“Claims that the Australian government is attacking trademarks are false. We are protecting public health and won’t be threatened or intimidated by big tobacco companies … The government will not subjugate Australia’s national sovereignty in any trade agreement. Nor will we contract out government policy to private corporations.”

The claims were also criticised by patent and trademark attorney Glen Gordon.8 Among other points, he argued:

“The primary right obtained from trademark registration is a negative right; it is actually the right to prevent other people from (mis)using the trademark. The proprietors may use the mark themselves subject to other laws, but they actually gain from registration the right to take legal action that will stop third parties from using the mark on the same or similar goods … the change to plain packaging will not adversely affect this right.”

Julia Gillard, Australia’s Prime Minister at the time, was not impressed by the industry’s legal threats. She told The Guardian:9

“We’re not going to be intimidated by Big Tobacco’s tactics, whether they’re political tactics, whether they’re public affairs kind of tactics out in the community, or whether they’re legal tactics. We’re not taking a backward step. We’ve made the right decision and we’ll see it through.”

The legal threat might not be more than a strategy to delay the introduction of plain packaging.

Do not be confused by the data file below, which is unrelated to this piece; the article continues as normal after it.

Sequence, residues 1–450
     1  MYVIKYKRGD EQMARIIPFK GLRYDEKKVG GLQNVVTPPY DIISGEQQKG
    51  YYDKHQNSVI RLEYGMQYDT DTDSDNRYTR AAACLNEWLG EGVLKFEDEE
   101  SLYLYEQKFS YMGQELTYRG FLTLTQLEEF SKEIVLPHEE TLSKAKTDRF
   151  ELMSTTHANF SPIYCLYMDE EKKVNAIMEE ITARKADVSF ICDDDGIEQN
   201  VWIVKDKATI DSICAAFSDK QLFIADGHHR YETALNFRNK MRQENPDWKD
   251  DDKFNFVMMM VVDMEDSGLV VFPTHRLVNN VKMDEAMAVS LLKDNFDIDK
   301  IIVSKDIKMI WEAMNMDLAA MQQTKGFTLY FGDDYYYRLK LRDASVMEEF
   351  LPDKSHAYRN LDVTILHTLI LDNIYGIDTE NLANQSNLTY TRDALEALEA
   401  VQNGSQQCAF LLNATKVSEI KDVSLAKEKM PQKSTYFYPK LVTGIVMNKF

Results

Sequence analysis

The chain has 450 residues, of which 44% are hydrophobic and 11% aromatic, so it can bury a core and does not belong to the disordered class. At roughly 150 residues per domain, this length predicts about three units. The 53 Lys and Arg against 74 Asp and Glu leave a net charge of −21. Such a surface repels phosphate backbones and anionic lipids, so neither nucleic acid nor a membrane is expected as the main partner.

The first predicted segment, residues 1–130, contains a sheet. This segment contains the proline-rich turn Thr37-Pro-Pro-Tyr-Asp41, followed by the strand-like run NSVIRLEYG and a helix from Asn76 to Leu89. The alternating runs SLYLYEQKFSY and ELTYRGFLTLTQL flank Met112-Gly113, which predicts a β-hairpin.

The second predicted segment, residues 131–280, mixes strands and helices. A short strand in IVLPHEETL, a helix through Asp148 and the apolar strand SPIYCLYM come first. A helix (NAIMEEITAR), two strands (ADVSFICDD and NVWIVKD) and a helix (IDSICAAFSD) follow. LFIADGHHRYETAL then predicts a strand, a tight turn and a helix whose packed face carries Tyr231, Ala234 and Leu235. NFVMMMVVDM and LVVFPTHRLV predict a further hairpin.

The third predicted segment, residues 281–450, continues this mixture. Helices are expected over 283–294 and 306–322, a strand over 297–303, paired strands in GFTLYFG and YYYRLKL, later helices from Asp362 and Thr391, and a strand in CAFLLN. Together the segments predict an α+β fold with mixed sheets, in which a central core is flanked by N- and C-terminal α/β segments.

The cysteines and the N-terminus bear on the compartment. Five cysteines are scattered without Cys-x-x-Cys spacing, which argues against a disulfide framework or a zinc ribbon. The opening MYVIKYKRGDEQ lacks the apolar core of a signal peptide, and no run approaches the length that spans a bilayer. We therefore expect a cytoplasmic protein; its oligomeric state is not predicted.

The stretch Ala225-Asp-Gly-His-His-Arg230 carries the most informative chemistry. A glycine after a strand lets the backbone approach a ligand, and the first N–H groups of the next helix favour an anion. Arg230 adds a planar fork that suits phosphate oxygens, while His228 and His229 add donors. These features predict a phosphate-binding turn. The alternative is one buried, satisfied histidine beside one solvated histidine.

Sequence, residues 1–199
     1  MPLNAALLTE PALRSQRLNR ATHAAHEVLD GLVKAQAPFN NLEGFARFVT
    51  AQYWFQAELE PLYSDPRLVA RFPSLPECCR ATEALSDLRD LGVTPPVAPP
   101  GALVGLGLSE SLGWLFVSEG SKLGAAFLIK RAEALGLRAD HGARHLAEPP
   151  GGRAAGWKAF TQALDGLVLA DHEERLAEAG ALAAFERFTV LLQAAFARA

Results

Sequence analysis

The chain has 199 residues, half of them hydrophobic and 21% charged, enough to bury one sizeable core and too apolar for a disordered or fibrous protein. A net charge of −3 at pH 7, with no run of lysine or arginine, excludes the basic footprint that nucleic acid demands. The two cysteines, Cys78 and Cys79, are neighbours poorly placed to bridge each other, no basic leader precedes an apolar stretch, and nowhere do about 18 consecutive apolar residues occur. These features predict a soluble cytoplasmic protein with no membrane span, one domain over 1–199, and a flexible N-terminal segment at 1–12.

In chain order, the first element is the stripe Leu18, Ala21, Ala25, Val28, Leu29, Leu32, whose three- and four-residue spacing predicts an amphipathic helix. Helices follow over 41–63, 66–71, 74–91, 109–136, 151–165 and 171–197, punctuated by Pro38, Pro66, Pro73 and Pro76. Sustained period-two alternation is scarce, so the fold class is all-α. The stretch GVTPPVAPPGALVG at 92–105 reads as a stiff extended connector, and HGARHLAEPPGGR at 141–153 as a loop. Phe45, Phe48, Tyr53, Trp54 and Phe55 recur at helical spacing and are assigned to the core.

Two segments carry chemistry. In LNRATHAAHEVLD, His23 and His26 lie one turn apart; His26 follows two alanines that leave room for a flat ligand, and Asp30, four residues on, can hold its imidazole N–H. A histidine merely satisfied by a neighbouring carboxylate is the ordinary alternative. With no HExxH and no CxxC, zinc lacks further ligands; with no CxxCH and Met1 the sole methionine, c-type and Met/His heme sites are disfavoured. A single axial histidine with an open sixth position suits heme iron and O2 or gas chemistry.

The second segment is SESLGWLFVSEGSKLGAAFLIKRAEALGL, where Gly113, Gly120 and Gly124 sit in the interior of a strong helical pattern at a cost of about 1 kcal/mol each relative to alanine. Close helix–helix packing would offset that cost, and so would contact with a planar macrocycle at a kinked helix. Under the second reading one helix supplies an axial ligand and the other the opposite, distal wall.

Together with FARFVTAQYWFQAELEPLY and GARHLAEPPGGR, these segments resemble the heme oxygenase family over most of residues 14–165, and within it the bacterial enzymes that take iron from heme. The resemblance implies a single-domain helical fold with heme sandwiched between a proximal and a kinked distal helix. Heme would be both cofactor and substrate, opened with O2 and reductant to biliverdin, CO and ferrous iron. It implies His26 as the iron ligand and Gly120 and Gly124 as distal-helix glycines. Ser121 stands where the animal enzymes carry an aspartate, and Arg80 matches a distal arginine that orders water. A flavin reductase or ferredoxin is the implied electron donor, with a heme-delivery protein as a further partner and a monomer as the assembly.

Donald Rothwell, Professor of International Law at the Australian National University, said in an email to Dow Jones Newswires that it could be some time before a resolution is reached as it must first be proven that the dispute exists, given the new laws haven’t yet been passed.6
Martin Dockrell, Director of Research and Policy at London-based public health charity ASH, told The Guardian he expected the Australian suit to be the first of many as governments around the world tighten up the rules on cigarette packaging:

“Legal action is a standard delaying device for them. They are going to throw huge amounts of money into this.”9

Last resort
In an editorial entitled “Why Australia has to win its trial of strength against the tobacco giants” in the European Journal of Cancer Care,10 S.J. O’Connor wrote that he agreed with the then Australian Health Minister Nicola Roxon that the proposals will “remove the last vestige of glamour from tobacco products” and “the fact that the tobacco industry have resorted to the use of a relatively obscure bilateral treaty between Australia and Hong Kong to intimidate the Australian government into retracting the proposals clearly implies that they think the same thing.”

Countering Industry Arguments Against Plain Packaging

For more information on the legal advice given to tobacco companies regarding intellectual property claims see It Breaches Intellectual Property Rights

Outcome of Trademark Appropriation Litigation

On the 15 August 2012, the High Court in Australia ruled that plain packaging law, due to be implemented on the 1 December 2012, was constitutionally valid.11 The key issue before the court was whether, under the constitution, plain packaging represented an “acquisition of property” by the government, from which they could benefit.12
According to The Sydney Morning Herald, president of the Australian Council on Smoking and Health Mike Daube said that the ruling was “a massive win for public health” and that “It is also the global tobacco industry’s worst defeat” to date.11